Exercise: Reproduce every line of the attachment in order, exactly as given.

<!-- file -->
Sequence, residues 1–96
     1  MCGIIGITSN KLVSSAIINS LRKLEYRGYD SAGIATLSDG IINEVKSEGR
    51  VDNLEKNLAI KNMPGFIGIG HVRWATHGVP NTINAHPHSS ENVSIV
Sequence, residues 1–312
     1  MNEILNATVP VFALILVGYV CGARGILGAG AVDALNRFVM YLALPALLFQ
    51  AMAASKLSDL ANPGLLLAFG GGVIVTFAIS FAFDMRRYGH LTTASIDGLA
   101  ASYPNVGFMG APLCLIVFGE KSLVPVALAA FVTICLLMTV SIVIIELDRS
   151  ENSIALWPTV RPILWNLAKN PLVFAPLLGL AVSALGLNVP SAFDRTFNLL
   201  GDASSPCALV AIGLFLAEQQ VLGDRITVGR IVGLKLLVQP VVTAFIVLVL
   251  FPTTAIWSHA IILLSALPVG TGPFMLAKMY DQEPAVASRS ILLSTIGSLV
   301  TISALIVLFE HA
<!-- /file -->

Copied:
Sequence, residues 1–96
     1  MCGIIGITSN KLVSSAIINS LRKLEYRGYD SAGIATLSDG IINEVKSEGR
    51  VDNLEKNLAI KNMPGFIGIG HVRWATHGVP NTINAHPHSS ENVSIV
Sequence, residues 1–312
     1  MNEILNATVP VFALILVGYV CGARGILGAG AVDALNRFVM YLALPALLFQ
    51  AMAASKLSDL ANPGLLLAFG GGVIVTFAIS FAFDMRRYGH LTTASIDGLA
   101  ASYPNVGFMG APLCLIVFGE KSLVPVALAA FVTICLLMTV SIVIIELDRS
   151  ENSIALWPTV RPILWNLAKN PLVFAPLLGL AVSALGLNVP SAFDRTFNLL
   201  GDASSPCALV AIGLFLAEQQ VLGDRITVGR IVGLKLLVQP VVTAFIVLVL
   251  FPTTAIWSHA IILLSALPVG TGPFMLAKMY DQEPAVASRS ILLSTIGSLV
   301  TISALIVLFE HA